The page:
Plano ISD revives hybrid learning model for some high schoolers as district gears for remote start

District officials said they believe a hybrid approach is needed for the high school and senior high school students who have opted to return to classrooms later in the year. (Courtesy Adobe Stock)
District officials said they believe a hybrid approach is needed for the high school and senior high school students who have opted to return to classrooms later in the year. (Courtesy Adobe Stock)

District officials said they believe a hybrid approach is needed for the high school and senior high school students who have opted to return to classrooms later in the year. (Courtesy Adobe Stock)

By June, Plano ISD had all but ruled out a hybrid learning model for the fall—an approach where students would spend part of their time in the classroom and the other part learning from home.

Now, with the 2020-21 school year set to begin remotely for all students next week, district officials said they believe a hybrid approach is needed for the high school and senior high school students who have opted to return to classrooms later in the year.

Plano ISD administrators unveiled these details Aug. 4 in a meeting of the board of trustees. Under the latest outline, high school and senior high school students who opted for face-to-face instruction this year would still have multiple days of remote schooling each week.

The new plans were driven by these schools’ complex scheduling considerations—where each student works with a number of teachers each day, not just one—as well as their ability to safely enforce social distancing guidelines, Assistant Superintendent for Academic Services Katrina Hasley said.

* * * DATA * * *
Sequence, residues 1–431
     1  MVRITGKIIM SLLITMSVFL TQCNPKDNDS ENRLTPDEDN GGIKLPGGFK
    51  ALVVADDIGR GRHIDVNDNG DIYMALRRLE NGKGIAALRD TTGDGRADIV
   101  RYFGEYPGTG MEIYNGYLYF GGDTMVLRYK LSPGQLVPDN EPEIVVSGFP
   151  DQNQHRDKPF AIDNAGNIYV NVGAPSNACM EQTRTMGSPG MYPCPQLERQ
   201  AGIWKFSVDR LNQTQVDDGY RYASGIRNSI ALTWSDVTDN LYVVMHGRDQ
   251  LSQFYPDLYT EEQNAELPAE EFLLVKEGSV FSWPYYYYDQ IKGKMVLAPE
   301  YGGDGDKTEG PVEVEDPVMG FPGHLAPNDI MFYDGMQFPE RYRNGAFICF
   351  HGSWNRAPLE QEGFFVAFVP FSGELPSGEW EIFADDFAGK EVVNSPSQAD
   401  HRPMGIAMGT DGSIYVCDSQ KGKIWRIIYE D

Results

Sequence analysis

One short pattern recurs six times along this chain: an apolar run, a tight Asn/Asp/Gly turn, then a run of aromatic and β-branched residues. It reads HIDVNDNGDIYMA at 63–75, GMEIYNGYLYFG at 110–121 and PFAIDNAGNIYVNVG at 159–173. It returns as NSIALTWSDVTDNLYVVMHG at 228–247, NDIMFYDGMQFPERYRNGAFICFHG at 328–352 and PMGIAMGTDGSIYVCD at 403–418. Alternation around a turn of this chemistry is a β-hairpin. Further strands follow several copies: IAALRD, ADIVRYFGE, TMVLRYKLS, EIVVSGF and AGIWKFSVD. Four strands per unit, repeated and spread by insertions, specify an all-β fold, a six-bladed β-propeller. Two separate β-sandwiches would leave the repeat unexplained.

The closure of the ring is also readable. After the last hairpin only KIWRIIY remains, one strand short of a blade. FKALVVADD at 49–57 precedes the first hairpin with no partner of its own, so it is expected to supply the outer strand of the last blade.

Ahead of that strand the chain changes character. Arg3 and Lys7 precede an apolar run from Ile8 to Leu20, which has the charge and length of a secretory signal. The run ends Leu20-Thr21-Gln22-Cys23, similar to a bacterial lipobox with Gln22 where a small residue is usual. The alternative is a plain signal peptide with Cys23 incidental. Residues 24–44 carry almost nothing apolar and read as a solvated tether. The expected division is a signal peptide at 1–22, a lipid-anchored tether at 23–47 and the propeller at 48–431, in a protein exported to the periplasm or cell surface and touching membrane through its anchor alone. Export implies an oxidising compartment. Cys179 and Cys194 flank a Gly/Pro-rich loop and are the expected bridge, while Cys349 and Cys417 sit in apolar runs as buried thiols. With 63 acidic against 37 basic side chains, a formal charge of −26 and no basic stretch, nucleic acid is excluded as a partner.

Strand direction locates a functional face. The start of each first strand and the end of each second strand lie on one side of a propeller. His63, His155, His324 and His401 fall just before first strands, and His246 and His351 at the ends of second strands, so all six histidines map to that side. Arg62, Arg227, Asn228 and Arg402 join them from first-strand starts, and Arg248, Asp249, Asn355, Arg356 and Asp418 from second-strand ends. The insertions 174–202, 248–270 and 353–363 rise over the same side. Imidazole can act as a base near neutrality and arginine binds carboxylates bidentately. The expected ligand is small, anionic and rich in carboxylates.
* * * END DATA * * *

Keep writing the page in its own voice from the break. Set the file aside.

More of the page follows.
“It’s a health concern,” Hasley told trustees, adding under a hybrid model there would be a smaller number of people on campus at a time.


Students who opted for a fully remote learning environment this year—nearly half of the district’s enrollment—would not be affected by the change unless they later opted for returning to an in-person approach.

The district is pursuing a slightly different path for middle schoolers. While face-to-face learners would not be subject to a hybrid model, the district plans to pair middle school remote learners with face-to-face learners in the same class under the same teacher. Officials refer to this pairing as “co-seating.”

Like the hybrid model for high schoolers, the co-seating approach for middle schoolers helps the district navigate its complex scheduling considerations, Hasley said. It also means that students who start out remotely when campuses reopen will not have to switch teachers if they later prefer to return to the classroom.

Elementary schools will find the original plan—one group of students fully remote, with another on campus throughout the week—easier to implement, Hasley said. This is partly because those students fall under a single teacher, she said.

Plano ISD students at all levels are set to begin the school year Aug. 12 in a fully remote setup as the coronavirus continues to spread through the area. The district is currently planning for a return to classrooms for face-to-face learners Sept. 9.

Superintendent Sara Bonser told trustees she received a great deal of feedback from parents and staff throughout the district. While some of that feedback was supportive of the decision to delay a return to in-person instruction, some of it was critical of the administration’s decision, she said.

Bonser said she understood the criticisms and had been struggling with those same issues. She added the district has been navigating a complex and ever-changing situation while trying to balance educational outcomes and safety for all involved.

“I know that schools are a better place for kids to be, but I also know that if I had control over a period of time when I thought I could save a life, then I would save a life,” Bonser said.
By Daniel Houston
Daniel Houston covers Plano city government, transportation, business and education for Community Impact Newspaper. A Fort Worth native and Baylor University graduate, Daniel reported previously for The Associated Press in Oklahoma City and The Dallas Morning News.


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